The thing is, the Constitution delegated to Congress the rights to "coin money" for a reason. They have interpreted that instead as a right to delegate the right to print currency, and delegated said right to the Federal Reserve so they dont have to waste time actually doing their jobs. And every time the Fed turns on the printing press, by diluting the pool of currency, it's the same effect as milling coins or flat-out counterfeiting really - it's a hidden, involuntary tax. We all pay the bill through inflation and reduction in value of our savings and retirement. That makes it the people's money just the same if it were revenue taxed openly.
      • Isn't the "inflation tax" lower than any flat tax that's ever been proposed?

        • by rohan972 (880586)

          Isn't the "inflation tax" lower than any flat tax that's ever been proposed?

          Well if we had just an "inflation tax" perhaps that would be relevant, but it just gets piled on top of all the other taxes. As I see it, it isn't the level of taxation from inflation that is the problem, it's that it taxes savings. It is one more thing creating an environment hostile to wise personal financial decision making.

          • by superwiz (655733)

            Well if we had just an "inflation tax" perhaps that would be relevant, but it just gets piled on top of all the other taxes.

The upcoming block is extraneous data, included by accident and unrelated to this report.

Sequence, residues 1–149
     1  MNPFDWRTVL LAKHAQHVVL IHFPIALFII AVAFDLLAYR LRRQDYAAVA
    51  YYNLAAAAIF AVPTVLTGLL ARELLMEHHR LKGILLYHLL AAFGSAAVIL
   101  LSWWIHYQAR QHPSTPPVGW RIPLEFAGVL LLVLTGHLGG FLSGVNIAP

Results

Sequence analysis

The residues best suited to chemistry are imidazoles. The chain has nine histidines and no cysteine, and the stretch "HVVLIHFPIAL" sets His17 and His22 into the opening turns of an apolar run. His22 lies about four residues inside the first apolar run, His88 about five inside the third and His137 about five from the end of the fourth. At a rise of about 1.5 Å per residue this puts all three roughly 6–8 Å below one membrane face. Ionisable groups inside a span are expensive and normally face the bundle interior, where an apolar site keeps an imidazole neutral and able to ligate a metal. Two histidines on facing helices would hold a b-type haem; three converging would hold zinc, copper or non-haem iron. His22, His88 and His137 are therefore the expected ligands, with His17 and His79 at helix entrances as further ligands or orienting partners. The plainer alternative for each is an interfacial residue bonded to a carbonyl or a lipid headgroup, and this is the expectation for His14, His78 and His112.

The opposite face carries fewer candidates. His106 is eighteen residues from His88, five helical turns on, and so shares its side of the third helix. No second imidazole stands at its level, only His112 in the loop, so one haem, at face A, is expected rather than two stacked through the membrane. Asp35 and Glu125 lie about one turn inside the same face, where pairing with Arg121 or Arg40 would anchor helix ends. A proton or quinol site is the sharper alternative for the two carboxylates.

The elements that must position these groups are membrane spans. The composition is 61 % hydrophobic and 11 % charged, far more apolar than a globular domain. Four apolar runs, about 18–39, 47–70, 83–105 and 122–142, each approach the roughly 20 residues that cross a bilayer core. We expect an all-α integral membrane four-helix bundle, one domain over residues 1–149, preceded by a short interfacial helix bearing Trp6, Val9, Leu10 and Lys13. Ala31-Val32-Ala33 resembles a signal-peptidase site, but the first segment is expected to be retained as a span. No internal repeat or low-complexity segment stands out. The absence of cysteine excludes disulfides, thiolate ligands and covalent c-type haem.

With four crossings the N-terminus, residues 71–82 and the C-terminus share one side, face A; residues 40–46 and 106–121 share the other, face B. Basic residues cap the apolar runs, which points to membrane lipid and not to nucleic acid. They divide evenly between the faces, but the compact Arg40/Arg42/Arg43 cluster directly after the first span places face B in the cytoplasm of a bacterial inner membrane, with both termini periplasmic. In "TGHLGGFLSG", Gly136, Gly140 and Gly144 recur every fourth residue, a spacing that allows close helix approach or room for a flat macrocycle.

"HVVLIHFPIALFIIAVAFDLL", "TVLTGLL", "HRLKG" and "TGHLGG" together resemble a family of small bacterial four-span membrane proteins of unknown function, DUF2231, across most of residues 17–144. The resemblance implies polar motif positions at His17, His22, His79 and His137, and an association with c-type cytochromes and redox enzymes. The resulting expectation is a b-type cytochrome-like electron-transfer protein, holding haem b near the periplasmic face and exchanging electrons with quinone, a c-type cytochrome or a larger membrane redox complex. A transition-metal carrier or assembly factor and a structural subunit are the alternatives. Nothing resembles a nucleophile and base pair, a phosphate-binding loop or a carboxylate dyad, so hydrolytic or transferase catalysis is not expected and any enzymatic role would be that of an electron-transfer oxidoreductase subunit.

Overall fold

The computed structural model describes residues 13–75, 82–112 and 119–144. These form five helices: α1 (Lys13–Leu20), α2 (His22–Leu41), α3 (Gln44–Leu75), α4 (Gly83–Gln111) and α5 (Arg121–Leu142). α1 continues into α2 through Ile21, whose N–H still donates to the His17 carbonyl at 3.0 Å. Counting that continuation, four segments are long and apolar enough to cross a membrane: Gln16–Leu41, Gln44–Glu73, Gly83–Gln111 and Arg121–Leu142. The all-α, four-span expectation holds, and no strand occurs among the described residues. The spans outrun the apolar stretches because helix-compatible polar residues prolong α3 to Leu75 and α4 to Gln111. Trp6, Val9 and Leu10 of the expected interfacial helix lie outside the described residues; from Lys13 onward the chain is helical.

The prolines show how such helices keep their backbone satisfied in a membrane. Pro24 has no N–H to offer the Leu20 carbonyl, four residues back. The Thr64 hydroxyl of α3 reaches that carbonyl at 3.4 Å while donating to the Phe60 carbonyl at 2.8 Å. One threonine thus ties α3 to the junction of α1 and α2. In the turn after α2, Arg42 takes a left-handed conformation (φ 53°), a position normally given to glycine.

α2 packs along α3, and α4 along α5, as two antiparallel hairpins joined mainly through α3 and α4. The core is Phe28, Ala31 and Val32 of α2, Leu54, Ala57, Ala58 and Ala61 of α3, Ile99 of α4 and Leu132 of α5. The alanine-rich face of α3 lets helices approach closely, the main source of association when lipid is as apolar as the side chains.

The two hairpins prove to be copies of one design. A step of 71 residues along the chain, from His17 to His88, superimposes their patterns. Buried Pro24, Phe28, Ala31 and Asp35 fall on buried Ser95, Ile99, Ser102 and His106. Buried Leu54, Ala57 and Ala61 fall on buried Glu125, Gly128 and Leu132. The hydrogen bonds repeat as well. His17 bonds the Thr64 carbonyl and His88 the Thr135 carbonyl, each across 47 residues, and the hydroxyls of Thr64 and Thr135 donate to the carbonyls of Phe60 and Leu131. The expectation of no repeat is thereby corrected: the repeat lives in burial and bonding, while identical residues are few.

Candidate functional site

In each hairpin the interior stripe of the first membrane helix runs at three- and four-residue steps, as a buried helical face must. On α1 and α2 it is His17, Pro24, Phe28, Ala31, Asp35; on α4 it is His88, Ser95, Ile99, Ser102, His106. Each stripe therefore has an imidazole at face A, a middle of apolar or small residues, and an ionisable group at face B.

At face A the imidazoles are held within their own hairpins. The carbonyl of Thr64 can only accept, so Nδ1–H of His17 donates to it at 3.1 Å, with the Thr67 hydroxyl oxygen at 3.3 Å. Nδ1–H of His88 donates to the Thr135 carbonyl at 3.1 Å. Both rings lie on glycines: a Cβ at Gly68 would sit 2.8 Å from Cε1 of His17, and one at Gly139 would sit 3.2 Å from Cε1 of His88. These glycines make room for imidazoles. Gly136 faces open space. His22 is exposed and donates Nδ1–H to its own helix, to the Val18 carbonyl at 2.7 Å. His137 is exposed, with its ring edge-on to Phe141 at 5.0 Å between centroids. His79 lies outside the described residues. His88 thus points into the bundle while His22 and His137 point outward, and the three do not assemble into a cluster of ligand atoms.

Actually, it would be much, much worse. At least today we have a notion of taxes so we have a language in place to discuss the effect of inflation. If inflation was the only tax, it would grow much faster (all corruption begins with nepotism because no one can deny their family and family also has family). It would be a rapid expansion of cronyism. In fact, once it is allowed to take foot hold, it would be all pervasive within a generation.

            • Your predictions remind me of y2k Armageddon!

              • by superwiz (655733)
                These are not predictions. This is what happened in every country which switched to financing the government through inflation. y2k armageddon didn't happen because of the millions of man hours spent to avert it -- not because it wouldn't have happened otherwise.
                • Wait, it happened to Japan?

                  Also, your fear of inflation is hyperbolic and irrational. "In 1920, I could buy a suit for $20!" But a computer cost $Infinity...

                  • by superwiz (655733)